By Terrence McCoy
By Scott Fishman
By Deirdra Funcheon
By Allie Conti
By New Times Staff
By Ryan Pfeffer
By Deirdra Funcheon
By Kyle Swenson
The dawn of the Age of Lockwood came in November, after computer giants IBM and Unisys submitted formal proposals to build IJIS. IBM's plan cost about $29 million but covered only part of the system. The Unisys plan included the entire system, but cost $32 million. Because the county commission had authorized only $15 million for the entire project, those figures were a call to battle for county administrators.
A major element in the cost problem was the Clerk's IJIS software. For that, IBM proposed Malvern, Pennsylvania-based Systems & Computer Technology Corp. (SCT), which has 2500 employees and $275 million in estimated 1997 revenues. Unisys proposed Crawford Consulting, Inc., based in North Canton, Ohio, with 65 employees and $8 million in estimated revenues.
The Warner Group, the county's national consultants, made detailed evaluations of the competing software and concluded the Unisys/Crawford proposal represented "higher overall software fit for Clerk of Courts criminal and civil applications." Unisys/Crawford also was cheaper. Its total cost for the Clerk's software applications was $2.8 million; SCT's software alone was $570,000 higher, and overall IBM/SCT costs for the Clerk's applications totaled almost $7.5 million.
Nonetheless the Clerk's office "demanded" SCT, although Lockwood dislikes that word.
"I don't think you'll recall over twenty years that I ever 'demanded' anything; that's a very arbitrary word," Lockwood said, then asked his staff computer manager, Barry Lasher, whether tapes of IJIS technical meetings would show the Clerk's office demanding SCT.
"That is correct," Lasher replied.
"But not 'demanded,'" Lockwood exploded. "I don't think that word is on the tape. Let's get the tape.... If you [reporter] can't extract from [the county] who on my staff gave some kind of ultimatum, then I think you [should] disregard that rather than print a bunch of garbage."
New Times got the tape of the November 3, 1997, meeting of the IJIS technical committee. On it Lasher said the Clerk's computer experts opposed Crawford because they didn't trust the Windows NT operating system that Crawford used, because Crawford was too small to handle the Clerk's job, and because they hadn't been impressed with Crawford's on-site software demonstration.
Then Project Leader Kennedy sprang to action. "Crawford is just totally unacceptable to the Clerk," Kennedy roared. "There is absolutely no way the Clerk can take on Crawford.... We are strongly committed to SCT." Kennedy, it should be noted, did not use the word "demanded" or "ultimatum."
Representatives from the other agencies supported the Clerk's wishes anyway, favoring Unisys as prime contractor but recommending SCT for the Clerk's software. The Unisys/SCT combination was endorsed by the IJIS Selection/Negotiation Committee, composed of five justice agency decision-makers, including Lockwood, and two top county officials, budget director Canada and finance director Phil Allen.
"We caused them some pain," Kennedy said of the county. "We forced Unisys to change from Crawford to SCT, to accept the subcontractor of a rival bidder. I don't think that made people too happy."
Among the people who were not happy were county commissioners, who on November 25 balked at the $32 million price tag, rejected the original proposals of both IBM and Unisys, and told them to try again. Commissioner Scott Cowan admitted, "I had no idea this would segue from a $150,000 [Warner] contract into buying a computer system." At a subsequent meeting Cowan observed, "We don't really have a solid idea of where we want to go."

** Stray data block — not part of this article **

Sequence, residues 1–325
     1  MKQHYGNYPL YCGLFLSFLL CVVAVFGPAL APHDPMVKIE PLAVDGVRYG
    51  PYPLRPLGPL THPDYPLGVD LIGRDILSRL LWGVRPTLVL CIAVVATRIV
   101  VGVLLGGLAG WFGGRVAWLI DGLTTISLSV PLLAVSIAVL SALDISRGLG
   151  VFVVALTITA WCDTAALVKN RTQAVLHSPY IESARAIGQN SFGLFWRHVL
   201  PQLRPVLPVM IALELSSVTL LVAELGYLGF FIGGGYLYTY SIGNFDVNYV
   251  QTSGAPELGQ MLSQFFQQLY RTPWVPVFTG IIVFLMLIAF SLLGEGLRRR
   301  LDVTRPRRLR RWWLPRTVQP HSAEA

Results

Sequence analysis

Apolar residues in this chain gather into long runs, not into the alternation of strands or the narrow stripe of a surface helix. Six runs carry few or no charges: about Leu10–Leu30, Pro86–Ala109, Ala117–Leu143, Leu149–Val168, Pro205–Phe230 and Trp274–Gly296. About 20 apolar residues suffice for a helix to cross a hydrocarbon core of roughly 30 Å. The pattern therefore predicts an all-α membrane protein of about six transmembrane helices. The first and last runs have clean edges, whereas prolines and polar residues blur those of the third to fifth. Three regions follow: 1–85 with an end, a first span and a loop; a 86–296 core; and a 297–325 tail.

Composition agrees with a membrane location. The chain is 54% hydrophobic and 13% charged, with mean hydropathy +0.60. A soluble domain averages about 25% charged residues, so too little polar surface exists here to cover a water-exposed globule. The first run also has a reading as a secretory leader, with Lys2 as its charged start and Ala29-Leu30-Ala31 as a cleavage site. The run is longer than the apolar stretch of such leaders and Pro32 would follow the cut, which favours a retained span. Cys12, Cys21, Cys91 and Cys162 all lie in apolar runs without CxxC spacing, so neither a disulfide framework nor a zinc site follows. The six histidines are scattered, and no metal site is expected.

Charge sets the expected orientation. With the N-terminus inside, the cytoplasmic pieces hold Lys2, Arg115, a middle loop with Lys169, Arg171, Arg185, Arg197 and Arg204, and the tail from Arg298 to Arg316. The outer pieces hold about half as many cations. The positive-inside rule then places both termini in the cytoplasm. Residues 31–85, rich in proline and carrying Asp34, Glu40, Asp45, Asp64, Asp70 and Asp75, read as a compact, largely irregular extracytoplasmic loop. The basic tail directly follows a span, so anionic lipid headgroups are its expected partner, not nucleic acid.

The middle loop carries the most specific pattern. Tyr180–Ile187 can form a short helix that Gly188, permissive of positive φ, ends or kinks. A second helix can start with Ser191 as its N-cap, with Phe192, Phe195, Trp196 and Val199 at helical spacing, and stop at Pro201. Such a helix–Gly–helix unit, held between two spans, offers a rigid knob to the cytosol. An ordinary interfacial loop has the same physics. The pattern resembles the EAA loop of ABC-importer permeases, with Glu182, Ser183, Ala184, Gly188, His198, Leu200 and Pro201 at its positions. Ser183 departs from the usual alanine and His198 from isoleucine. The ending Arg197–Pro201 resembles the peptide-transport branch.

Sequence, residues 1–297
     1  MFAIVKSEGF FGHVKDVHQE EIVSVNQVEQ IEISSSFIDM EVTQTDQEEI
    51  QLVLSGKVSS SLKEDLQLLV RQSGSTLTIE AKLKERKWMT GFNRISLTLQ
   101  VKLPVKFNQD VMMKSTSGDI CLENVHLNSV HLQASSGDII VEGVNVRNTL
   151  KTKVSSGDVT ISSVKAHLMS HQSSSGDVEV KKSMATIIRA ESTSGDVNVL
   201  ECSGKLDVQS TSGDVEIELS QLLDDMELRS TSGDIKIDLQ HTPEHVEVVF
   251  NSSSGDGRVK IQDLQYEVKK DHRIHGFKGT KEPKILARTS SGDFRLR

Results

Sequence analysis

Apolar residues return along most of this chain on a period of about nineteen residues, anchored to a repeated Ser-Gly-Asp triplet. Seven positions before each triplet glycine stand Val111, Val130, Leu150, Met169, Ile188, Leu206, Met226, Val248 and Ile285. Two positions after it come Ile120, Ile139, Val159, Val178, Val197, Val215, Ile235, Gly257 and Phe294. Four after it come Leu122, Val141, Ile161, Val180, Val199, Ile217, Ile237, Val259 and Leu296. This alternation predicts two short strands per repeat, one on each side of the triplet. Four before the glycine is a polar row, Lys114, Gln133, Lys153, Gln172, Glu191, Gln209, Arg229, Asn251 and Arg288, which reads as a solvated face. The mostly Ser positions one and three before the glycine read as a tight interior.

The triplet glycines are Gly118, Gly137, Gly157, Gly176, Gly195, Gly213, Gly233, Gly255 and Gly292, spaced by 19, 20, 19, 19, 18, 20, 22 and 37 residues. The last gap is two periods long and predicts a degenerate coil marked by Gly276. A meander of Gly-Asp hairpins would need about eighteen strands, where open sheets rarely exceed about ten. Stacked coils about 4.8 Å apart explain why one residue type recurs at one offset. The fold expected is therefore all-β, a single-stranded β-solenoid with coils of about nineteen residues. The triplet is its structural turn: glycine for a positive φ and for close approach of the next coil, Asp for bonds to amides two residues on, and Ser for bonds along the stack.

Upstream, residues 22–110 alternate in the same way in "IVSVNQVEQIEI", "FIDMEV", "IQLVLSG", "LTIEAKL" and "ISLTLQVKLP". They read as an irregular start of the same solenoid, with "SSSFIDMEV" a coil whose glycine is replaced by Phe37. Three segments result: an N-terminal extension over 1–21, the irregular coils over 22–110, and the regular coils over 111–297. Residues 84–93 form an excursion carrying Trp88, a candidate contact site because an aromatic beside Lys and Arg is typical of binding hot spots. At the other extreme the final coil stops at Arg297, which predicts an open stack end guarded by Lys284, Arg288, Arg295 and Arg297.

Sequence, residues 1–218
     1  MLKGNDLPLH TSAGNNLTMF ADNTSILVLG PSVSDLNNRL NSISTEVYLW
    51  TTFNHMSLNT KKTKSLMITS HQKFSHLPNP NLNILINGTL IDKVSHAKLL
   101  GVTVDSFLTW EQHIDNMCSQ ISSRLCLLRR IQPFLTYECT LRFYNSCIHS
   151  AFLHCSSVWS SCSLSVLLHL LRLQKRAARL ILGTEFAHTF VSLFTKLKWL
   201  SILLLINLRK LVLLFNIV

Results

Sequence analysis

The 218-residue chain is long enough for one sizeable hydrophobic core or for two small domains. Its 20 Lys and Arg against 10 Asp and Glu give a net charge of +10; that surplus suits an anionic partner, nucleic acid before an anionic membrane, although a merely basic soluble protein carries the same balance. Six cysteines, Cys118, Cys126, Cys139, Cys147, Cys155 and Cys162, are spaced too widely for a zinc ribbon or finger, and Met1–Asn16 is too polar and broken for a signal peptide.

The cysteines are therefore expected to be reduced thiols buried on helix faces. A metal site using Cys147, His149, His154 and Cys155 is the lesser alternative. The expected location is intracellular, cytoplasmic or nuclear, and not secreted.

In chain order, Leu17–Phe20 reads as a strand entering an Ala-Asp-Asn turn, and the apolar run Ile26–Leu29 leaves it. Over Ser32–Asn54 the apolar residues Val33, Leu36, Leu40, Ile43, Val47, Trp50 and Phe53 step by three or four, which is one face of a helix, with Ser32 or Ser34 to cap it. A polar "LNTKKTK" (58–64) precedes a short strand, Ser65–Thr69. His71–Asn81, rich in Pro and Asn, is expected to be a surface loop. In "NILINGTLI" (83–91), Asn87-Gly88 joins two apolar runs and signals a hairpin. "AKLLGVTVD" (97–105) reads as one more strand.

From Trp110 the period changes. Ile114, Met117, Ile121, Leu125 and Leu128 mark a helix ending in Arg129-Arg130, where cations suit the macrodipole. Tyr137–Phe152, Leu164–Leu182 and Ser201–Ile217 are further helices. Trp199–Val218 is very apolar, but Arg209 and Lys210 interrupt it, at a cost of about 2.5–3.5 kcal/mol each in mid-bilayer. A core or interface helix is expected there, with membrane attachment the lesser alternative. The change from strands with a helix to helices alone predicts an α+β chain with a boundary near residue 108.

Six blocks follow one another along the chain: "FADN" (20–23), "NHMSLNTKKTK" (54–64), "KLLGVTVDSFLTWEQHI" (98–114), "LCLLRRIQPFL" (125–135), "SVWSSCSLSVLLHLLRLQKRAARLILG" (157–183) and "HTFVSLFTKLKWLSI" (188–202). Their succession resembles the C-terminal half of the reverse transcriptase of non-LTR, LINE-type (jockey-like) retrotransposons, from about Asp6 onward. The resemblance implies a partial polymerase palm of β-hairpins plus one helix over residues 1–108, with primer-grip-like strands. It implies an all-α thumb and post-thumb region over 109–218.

Commissioners were in for more surprises when Unisys submitted a revised proposal, this time using the Clerk's subcontractor. With SCT now clearly identified as Lockwood's choice, the cost of the Clerk's software has suddenly jumped from $2.8 million to $9.6 million; the total Unisys package has soared from $32 million to $46 million.
Commissioners voted to continue negotiations with Unisys. County administrators launched a counterattack against SCT, a battle known as "Revenge of the Reference Checkers."
Back in November, Clerk's consultant Brian Levy had assured the technical committee that on SCT, "We were able to do some reference checks. It's a solid product."
Two months later the county said it had not yet received written reference checks from the Clerk on SCT's criminal-case software. County staff did its own checking and, claims budget director Canada, "We were flabbergasted."
Canada bombarded the county commission on January 20, charging that the background checks hadn't been done. "What we found was a system that, even with the prior claims of major system installations in large government locations, does not have an operational Criminal Courts function at any location."
Firing back, Clerk's consultant Levy said of Canada's attack, "It's smoke," and implied that county computer people, despite months of discussion, still don't understand the Clerk's software. "There is no 'criminal' system and 'civil' system; it's the same system.... It doesn't matter whether it's civil or criminal as long as the program can handle your business."
Why would county administrators launch such an attack? "You'll have to ask them," Levy said. "I'm just a hired gun here. I'm here to protect the Clerk," then added, "The politics here, I have not seen this before."
As Computer Wars continued last week, Unisys and county officials were negotiating over a revised $21 million proposal that delayed some IJIS elements and modified others while requiring Unisys to conduct tests to ensure that SCT's software works. Although SCT cut its costs in the latest proposal, it is still $1.3 million more than Crawford.